“The real focus today is on death,” Dr. Jason De Léon said starkly. “The point is not to sanitize this stuff.”
De Léon, an assistant professor of anthropology at the University of Michigan, presented at The Land of Open Graves: Necroviolence and the Politics of Migrant Death in the Arizona Desert, a March 19, 2015 event hosted by Syracuse University’s Department of Anthropology. He is the director of the Undocumented Migration Project, a long-term study of undocumented migration between Mexico and the United States.
Once, De Léon’s team went searching for the body of an undocumented migrant in Arizona’s Sonoran desert. They found hiking boots and a tooth, but only partial skeleton dust, he said. Close to 3,000 bodies have been recovered in Arizona since 2000, a number De Léon argued is “grossly undercounted.”
But deaths on the U.S.-Mexico border are not an unintended consequence of border enforcement, he argued. Rather, they are “highly intended.” He referred to the U.S. government’s strategy of “prevention through deterrence,” which pushes undocumented migrants into more difficult environments in the Sonoran desert. The Border Patrol’s “Strategic Plan,” a document that has evolved since the mid-1990s, originally explicitly outlined forcing migrants into “mortal danger” or “over more hostile terrain” if they tried to cross the border.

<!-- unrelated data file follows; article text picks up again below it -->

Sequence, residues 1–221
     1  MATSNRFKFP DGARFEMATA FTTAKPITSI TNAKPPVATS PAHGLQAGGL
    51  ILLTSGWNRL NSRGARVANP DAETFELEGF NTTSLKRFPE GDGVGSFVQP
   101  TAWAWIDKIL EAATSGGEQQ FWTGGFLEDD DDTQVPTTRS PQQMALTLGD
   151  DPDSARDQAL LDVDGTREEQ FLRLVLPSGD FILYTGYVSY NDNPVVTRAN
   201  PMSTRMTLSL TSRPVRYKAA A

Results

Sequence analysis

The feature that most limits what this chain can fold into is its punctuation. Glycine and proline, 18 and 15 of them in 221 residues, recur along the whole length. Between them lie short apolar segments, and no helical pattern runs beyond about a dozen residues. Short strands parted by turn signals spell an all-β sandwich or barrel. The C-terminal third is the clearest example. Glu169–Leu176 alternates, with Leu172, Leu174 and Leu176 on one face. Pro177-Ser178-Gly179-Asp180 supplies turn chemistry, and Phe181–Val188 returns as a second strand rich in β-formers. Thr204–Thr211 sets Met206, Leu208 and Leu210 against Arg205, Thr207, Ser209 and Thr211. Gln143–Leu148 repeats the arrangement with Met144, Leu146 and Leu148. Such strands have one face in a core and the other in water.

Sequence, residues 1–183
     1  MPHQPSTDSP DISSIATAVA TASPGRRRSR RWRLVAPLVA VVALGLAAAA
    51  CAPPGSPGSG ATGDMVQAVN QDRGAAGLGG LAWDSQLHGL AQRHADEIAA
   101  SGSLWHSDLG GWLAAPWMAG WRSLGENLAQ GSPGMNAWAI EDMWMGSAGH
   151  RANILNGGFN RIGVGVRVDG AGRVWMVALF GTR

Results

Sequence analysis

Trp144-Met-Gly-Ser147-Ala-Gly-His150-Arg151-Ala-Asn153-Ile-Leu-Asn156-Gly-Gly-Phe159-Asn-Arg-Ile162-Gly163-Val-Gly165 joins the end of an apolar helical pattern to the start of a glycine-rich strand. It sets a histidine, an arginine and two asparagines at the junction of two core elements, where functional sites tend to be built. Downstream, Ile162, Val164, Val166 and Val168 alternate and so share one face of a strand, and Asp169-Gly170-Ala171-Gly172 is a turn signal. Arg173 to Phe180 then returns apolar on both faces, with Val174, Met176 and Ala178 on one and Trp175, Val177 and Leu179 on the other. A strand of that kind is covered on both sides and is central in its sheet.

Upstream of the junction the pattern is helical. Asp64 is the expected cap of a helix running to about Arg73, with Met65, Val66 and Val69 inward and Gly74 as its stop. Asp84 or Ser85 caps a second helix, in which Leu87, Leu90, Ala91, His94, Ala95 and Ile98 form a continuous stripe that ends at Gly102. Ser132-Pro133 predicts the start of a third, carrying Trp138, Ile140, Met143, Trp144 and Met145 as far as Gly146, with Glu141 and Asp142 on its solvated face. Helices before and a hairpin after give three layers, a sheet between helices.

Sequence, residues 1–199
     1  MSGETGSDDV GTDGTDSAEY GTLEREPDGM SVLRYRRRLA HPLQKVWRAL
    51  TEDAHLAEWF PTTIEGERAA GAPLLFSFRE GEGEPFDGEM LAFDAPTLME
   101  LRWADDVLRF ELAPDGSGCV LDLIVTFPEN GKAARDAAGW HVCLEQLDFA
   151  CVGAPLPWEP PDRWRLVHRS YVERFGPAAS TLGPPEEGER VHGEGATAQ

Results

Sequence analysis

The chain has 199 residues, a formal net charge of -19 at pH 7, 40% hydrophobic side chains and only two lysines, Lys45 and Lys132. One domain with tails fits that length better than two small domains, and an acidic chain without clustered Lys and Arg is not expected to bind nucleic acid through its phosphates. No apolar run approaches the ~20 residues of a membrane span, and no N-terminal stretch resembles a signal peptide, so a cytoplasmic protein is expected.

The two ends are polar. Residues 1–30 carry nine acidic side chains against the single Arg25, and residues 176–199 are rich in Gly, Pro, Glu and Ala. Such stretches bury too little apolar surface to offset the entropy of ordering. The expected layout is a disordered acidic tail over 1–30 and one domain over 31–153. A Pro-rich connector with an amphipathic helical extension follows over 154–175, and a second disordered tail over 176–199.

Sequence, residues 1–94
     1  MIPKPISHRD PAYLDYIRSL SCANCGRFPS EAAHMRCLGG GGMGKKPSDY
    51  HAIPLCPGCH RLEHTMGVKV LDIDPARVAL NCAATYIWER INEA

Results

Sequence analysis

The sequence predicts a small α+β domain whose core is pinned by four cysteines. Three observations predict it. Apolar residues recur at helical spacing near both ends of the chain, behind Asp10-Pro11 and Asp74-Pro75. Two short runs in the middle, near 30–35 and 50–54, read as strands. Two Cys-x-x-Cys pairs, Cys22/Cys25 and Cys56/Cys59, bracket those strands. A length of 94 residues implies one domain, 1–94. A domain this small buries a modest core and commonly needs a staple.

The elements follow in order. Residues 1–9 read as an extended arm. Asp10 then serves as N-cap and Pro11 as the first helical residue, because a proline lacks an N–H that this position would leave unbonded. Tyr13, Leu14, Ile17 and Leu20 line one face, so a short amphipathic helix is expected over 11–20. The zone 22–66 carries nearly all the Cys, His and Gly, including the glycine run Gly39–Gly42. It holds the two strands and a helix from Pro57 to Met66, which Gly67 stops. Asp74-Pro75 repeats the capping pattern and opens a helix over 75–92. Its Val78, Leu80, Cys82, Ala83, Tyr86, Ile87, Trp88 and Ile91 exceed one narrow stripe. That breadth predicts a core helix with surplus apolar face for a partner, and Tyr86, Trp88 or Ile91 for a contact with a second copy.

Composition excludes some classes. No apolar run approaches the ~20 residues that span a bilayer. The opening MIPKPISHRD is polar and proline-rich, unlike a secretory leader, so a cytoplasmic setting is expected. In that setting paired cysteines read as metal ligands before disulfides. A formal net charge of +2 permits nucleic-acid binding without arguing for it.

“Migrant life is constructed as expendable,” De Léon said. “Migrants are non-citizens with no rights.”
De Léon defined necroviolence as a process that “allows torture to continue beyond the moment a body stops breathing.” He called the destruction of migrant corpses acts of terror.
“The U.S. standpoint is, ‘look at how savage and brutal these Mexicans are,’” De Léon said. “But we’re not thinking about how we are directly implicated in this stuff.”
De Léon’s book, The Land of Open Graves will be published in September 2015.